BIBI AMATUS SALAM (1907-1985)

Bibi Amatus Salam, who strongly believed that freedom from the slavery of British could be achieved, through the Gandhian methods only, was born in 1907 in Patiala of Punjab in Rajputhana family.

Her father was Colonel Abdul Hamid and her mother Amatur Rehaman. Amatus Salam was the younger sister of six elder brothers. Her health was very delicate since her childhood. She was inspired by her eldest brother, freedom fighter Mohammad Abdur Rashid Khan. Following the footsteps of her brother, she decided to serve the people of the country.

Amatus Salam participated in the Khadi Movement and attended the meetings of the Indian National Movement along with her brother. She was attracted towards the Non[1]Violence theory of Mahathma Gandhi and Sevagram Ashram.

She decided to join Sevagram Ashram, and went there in 1931. She joined Ashram and followed the strict principles of the Ashram. With her selfless service she became very close to Gandhi couple.

They considered Amatus Salam as their beloved daughter. During the Indian National Movement, she went to jail along with other women in 1932 despite her illness with the permission of Gandhi.

After being released from Jail, she reached Sevagram and took over the respon-sibilities as Personal Assistant of Gandhi. She said that besides achieving independence, harmony between the Hindus and Muslims, Welfare of the Harijans and Women were her life ambitions. When communal riots erupted, she toured North-West Frontier, Sindh and Noukhali areas as an ambassador of Gandhi.

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She held Satyagraha for 20 days to normalize the situation in those areas. After Independence, she rededicated herself to the Public Service. She published an Urdu Magazine called ‘Hindustan’ to promote national integration and communal harmony. When Khan Abdul Gaffar Khan toured in India in 1961, she travelled with him as his personal assistant. When India was at war with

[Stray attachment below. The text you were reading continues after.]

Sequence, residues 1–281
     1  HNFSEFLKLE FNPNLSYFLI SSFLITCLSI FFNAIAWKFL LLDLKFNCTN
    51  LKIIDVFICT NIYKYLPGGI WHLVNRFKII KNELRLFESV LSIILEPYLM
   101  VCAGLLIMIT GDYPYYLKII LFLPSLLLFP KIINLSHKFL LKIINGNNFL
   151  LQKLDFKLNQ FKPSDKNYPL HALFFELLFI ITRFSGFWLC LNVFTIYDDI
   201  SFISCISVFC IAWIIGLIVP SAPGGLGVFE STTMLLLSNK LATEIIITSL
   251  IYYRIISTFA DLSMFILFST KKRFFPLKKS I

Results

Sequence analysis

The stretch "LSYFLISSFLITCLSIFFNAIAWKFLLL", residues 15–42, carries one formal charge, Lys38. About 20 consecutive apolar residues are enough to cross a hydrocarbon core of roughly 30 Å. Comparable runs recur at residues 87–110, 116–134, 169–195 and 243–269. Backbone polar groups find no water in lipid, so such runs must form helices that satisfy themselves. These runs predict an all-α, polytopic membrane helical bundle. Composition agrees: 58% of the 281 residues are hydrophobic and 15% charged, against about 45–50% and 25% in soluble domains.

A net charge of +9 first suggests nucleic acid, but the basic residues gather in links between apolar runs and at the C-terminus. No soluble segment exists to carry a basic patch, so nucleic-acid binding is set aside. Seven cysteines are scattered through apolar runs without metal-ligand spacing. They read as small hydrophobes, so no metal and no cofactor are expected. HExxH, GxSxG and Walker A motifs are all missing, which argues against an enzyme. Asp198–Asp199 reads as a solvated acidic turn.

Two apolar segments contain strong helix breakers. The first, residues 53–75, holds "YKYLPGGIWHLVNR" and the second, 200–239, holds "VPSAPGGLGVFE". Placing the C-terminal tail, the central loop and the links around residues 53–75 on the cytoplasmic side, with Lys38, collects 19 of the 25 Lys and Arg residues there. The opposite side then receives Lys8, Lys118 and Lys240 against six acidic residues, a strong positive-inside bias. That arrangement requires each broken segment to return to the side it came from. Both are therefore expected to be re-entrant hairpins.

China in 1962 and with Pakistan in 1965, she took all the pains in reaching the mountains or war area along with her adopted son Sunil Kumar to encourage our soldiers and to serve them. Bibi Amatus Salam, who spent all her life following the Gandhian ideology, breathed her last on 29 October, 1985.‹

HAJARA BEGUM (1910-2003)

Hajara Begum, who fought against the British to liberate the Nation and worked for the welfare of the toiling masses of the country, was born on 22 December, 1910 at Saharanpur in Uttar Pradesh. She came to know about the sacrifices of the freedom fighters who were fighting against the British from her father, who was a police officer.

After the failure of her marriage, she went to London to pursue her higher education, where she got acquainted with the anti-British forces. This led her to decide to fight against the British Imperialist forces to liberate the nation. She had to face the anger of the British Government as she was criticizing their acts in several International fora.

She returned to India and joined as a lecturer in the Karamat Hussain women’s College at Lucknow in 1935. She also worked along with famous poet Sajjad Zahir in the formation of All India Progressive Writers’ Association. She got married to a nationalist leader Dr. Zainul Abedeen Ahmed in 1935 and in the same year both of them took membership in the Indian National Congress. Since the police were after them for their anti-British activities, they resigned their jobs and dedicated themselves totally to the Indian National Movement.

While participating in the activities of the Indian National Congress, Hajara Begum also campaigned for the Communist Party without the knowledge of the Police. She actively took part in the election campaign in those days, and as a result of this a number of Congress leaders could get elected. She attended a secret political workshop at Kotthapatnam in Andhra Pradesh in 1937.

 She spoke on different subjects in the workshop as a lecturer. Hajara Begum was against the gender bias since her younger age. She fought against all types of inequalities successfully. She left the Indian National Congress in 1940 along with her husband. Since then, she played a vital role in organizing the unorganized labour sector.

She became very popular as ‘Hajara Aapa’ in the circles of toiling people and women. The Soviet Union honoured her with ‘Supreme Soviet Jubilee Award’ in 1960 in recognition of her work for the downtrodden people on the eve of the birth centenary of Lenin. Hajara Begum, who spent her entire life in the service of the country, breathed her last on 20 January, 2003.


Syed Naseer Ahamed can be contacted at Phone: +91 94402 41727